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Lawmakers regarded President Barack Obama’s latest attempt to engage them on an economic proposal as largely irrelevant Tuesday, with neither Democrats nor Republicans viewing it as an actual step forward toward breaking their ongoing budget impasse.
Obama delivered an address in Chattanooga, Tenn., outlining a broad framework “for the middle class” that, among other provisions, would include corporate tax changes, infrastructure projects and an increase in the minimum wage. The package, which the White House touted as a “grand bargain,” included a few items the GOP supports in isolation — closing tax loopholes to lower tax rates, for example. The offer was intended to be an olive branch to the GOP, because it didn’t include any tax increases.
But Republicans either shrugged off or slammed the White House proposal, saying it could undercut talks on either a larger budget framework or a comprehensive tax rewrite.
And they don’t think Obama is serious about working with them, anyway.
“I don’t think they’ve been acting in good faith. I really don’t, in the sense of really trying to bring both sides together,” Sen. Orrin G. Hatch, R-Utah, said Tuesday.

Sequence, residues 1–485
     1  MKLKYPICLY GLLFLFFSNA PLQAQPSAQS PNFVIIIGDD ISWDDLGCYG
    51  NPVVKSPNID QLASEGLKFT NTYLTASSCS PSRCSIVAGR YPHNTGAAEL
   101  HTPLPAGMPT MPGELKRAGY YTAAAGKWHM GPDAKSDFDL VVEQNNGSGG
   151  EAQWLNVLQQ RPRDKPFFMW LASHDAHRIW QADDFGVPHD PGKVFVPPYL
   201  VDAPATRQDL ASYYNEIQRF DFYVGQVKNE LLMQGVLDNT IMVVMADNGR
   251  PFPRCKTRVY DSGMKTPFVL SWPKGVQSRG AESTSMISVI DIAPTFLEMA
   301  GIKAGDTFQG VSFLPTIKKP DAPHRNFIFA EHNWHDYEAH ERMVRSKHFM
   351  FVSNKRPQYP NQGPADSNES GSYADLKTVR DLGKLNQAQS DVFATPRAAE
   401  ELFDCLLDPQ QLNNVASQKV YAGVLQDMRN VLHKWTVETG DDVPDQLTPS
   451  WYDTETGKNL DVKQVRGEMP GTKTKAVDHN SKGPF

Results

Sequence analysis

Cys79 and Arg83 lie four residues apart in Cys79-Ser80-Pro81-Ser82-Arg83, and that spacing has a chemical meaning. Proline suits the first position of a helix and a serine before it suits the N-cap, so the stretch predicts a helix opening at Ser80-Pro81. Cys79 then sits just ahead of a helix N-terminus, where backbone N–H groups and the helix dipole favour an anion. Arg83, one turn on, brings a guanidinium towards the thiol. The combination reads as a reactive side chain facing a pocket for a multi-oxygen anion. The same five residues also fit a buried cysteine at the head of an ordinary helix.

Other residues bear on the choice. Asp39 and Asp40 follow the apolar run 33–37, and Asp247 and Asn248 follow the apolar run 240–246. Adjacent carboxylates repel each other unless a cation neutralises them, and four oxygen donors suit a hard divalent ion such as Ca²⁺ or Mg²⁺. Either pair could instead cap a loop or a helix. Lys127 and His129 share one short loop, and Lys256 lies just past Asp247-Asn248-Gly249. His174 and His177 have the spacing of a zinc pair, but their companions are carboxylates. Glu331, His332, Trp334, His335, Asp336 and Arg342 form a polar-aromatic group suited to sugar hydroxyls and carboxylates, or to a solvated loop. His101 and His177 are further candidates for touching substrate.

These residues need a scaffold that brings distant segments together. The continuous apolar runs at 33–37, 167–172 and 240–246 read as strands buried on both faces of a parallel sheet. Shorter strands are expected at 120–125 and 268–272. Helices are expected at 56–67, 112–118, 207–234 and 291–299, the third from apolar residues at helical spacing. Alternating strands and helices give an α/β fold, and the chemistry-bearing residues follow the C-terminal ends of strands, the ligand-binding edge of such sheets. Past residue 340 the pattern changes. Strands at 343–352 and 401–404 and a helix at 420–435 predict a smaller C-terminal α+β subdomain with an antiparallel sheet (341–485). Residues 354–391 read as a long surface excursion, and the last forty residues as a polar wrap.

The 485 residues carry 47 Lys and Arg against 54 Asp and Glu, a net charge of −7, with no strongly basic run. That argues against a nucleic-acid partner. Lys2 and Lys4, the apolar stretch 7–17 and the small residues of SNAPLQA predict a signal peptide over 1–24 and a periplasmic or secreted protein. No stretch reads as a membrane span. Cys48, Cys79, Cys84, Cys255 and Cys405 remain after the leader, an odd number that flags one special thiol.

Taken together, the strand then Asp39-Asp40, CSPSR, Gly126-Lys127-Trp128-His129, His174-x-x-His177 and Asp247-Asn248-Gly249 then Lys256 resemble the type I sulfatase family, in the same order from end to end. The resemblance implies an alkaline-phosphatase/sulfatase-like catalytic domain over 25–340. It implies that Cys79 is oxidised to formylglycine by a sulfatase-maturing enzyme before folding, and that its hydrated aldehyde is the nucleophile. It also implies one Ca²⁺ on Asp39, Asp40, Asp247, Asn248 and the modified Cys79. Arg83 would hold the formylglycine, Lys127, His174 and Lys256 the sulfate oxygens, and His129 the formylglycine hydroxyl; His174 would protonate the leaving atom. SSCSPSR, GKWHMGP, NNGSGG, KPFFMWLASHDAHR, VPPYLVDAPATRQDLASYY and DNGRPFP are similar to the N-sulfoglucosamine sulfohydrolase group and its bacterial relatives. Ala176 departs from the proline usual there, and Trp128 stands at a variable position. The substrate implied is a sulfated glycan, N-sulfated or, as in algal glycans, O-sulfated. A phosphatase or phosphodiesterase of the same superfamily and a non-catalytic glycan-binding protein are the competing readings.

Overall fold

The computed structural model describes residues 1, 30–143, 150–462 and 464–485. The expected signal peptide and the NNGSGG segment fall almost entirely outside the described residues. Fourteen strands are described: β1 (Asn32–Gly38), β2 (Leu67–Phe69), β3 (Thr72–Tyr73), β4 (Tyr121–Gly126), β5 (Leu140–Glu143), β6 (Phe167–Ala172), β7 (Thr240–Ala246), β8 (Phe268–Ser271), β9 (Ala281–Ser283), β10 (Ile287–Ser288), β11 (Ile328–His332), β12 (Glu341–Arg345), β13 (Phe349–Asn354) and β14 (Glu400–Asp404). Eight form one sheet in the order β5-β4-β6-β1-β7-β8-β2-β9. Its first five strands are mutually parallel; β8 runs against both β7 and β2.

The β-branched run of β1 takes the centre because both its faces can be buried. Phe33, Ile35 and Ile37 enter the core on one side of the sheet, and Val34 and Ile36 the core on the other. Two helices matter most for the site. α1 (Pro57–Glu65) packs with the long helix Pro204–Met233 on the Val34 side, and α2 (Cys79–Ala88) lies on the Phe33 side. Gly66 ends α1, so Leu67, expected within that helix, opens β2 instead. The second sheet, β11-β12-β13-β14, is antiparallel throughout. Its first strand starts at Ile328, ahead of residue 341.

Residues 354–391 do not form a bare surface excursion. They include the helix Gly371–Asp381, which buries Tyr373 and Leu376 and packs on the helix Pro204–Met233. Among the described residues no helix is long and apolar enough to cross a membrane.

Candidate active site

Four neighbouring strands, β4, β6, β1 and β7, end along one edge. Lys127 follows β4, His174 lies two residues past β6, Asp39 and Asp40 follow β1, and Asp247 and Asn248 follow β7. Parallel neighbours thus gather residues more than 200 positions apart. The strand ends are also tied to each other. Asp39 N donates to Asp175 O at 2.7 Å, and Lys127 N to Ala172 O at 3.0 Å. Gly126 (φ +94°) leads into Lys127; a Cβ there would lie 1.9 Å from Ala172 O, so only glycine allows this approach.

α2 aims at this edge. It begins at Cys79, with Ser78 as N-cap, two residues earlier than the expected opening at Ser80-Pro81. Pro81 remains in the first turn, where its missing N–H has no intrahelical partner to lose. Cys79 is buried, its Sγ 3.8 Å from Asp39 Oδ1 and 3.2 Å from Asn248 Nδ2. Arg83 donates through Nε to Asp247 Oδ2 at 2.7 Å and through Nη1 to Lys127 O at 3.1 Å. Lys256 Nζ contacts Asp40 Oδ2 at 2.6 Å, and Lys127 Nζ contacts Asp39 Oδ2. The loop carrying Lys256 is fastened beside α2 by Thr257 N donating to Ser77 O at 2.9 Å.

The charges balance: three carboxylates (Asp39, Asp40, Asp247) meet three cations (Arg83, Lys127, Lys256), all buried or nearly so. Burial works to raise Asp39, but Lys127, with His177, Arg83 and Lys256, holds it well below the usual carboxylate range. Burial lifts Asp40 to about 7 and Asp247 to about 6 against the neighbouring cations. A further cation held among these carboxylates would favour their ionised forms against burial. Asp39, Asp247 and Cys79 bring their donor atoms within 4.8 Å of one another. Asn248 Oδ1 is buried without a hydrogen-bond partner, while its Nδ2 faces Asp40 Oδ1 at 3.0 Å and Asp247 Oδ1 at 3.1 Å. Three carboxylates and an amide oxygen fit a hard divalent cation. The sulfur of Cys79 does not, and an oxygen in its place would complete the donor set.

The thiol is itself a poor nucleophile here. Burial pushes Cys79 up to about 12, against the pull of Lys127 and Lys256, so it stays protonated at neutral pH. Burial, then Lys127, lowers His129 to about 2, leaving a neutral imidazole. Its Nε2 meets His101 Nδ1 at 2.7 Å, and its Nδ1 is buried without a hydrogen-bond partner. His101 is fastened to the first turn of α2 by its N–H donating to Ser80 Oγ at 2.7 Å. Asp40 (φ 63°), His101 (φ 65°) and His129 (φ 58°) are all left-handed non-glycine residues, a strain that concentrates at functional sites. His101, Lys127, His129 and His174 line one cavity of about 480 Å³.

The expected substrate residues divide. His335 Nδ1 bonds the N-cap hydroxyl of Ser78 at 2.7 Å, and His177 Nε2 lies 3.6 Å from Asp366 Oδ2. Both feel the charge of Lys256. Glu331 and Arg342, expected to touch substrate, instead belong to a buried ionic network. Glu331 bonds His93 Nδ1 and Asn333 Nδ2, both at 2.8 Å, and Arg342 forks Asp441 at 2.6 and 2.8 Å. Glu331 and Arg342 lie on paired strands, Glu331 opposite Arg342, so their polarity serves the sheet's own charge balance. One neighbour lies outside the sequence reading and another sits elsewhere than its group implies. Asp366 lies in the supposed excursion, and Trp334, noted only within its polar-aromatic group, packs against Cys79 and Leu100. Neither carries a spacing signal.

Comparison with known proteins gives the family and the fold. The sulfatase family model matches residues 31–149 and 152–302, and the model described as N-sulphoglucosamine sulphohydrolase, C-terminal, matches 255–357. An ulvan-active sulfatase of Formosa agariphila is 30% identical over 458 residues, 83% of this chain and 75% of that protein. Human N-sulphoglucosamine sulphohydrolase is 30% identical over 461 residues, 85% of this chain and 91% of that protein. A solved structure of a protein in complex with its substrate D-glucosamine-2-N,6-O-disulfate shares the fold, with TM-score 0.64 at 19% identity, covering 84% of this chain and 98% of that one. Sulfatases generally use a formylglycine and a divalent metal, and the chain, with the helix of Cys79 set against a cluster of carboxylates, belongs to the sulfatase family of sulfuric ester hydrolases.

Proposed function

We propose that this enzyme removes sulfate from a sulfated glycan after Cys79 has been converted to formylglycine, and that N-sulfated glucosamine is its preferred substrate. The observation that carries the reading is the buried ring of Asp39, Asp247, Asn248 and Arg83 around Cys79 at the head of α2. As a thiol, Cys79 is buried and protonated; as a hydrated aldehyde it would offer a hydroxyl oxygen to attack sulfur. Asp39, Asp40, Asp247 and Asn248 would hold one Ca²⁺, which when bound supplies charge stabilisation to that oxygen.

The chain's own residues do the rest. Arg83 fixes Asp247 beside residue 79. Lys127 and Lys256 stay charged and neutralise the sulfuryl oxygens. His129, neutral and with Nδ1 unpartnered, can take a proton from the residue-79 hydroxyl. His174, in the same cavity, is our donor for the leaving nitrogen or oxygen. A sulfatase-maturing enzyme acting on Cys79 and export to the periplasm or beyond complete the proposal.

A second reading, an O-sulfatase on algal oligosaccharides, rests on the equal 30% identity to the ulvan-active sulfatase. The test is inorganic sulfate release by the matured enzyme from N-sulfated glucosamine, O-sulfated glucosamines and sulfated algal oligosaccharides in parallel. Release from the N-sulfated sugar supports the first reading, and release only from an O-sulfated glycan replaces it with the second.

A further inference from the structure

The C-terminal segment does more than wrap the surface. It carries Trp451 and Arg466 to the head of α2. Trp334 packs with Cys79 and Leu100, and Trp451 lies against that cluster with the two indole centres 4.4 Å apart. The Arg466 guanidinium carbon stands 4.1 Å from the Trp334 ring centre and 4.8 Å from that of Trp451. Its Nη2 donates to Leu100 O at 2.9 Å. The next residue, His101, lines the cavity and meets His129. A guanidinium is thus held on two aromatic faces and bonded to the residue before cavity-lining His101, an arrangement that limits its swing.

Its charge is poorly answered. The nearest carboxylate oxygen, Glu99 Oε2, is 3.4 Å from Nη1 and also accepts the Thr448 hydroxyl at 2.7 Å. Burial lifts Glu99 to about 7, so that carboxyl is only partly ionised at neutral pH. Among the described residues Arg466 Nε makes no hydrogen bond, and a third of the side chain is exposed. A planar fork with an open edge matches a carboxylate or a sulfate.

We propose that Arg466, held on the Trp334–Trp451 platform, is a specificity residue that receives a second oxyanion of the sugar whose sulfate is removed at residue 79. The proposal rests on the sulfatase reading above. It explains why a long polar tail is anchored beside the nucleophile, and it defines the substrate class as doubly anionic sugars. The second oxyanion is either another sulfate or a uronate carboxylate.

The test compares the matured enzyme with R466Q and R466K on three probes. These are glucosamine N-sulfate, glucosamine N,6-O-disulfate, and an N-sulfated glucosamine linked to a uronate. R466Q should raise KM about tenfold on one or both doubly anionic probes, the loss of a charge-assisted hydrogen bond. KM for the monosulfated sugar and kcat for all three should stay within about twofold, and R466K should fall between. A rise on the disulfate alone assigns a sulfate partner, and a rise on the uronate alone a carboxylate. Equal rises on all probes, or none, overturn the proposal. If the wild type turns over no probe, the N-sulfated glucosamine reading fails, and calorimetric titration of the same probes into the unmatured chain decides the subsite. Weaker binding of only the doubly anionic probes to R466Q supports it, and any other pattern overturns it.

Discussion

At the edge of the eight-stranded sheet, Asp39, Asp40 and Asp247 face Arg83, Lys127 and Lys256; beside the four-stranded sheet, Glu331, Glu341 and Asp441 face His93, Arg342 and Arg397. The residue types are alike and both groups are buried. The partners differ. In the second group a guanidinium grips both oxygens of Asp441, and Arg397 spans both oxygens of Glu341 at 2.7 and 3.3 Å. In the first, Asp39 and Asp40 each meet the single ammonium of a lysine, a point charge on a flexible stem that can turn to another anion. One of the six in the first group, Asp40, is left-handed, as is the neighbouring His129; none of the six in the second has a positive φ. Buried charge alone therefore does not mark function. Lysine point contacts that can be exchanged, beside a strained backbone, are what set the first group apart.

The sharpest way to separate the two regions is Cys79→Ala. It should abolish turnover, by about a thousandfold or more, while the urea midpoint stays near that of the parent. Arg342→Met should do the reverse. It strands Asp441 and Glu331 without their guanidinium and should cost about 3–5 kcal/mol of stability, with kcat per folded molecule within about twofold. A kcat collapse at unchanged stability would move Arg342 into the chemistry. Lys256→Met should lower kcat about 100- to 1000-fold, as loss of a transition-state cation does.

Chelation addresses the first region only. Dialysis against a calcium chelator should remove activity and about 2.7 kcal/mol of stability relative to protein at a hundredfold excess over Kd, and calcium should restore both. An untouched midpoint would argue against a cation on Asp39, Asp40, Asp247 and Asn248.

“I think they’re hoping that there will be some maverick Republicans who will ignore the basic Republican doctrines and do this with them with all the Democrats,” the top Republican on the Senate Finance Committee continued. “It’s clear they want a very liberal approach toward everything, especially tax reform.”
Hatch said he hoped the administration would give Senate Finance Chairman Max Baucus, D-Mont., “some breathing room” on the tax code. Baucus has been traveling the country with House Ways and Means Chairman Dave Camp, R-Mich., to make the case for a tax policy overhaul, but any chances for a comprehensive rewrite seem unlikely this Congress.
And Obama’s push to make changes to corporate taxes only is certainly a far cry from the blank-slate approach Baucus and Camp have been trying to take toward the tax code.
Republican reaction to Obama’s speech — much of it coming before the remarks were even delivered — was unified at a leadership level.
Some recent allies of Obama seemed split on what the White House was attempting by moving forward with its own plan, considering Obama has been wooing a select few Senate Republicans over the past few months with White House meetings and casual dinners.
Sens. Lindsey Graham of South Carolina and John McCain of Arizona, for example, have partnered with Democrats recently on issues like immigration and nominations. But neither one seemed particularly jazzed about the tax plan.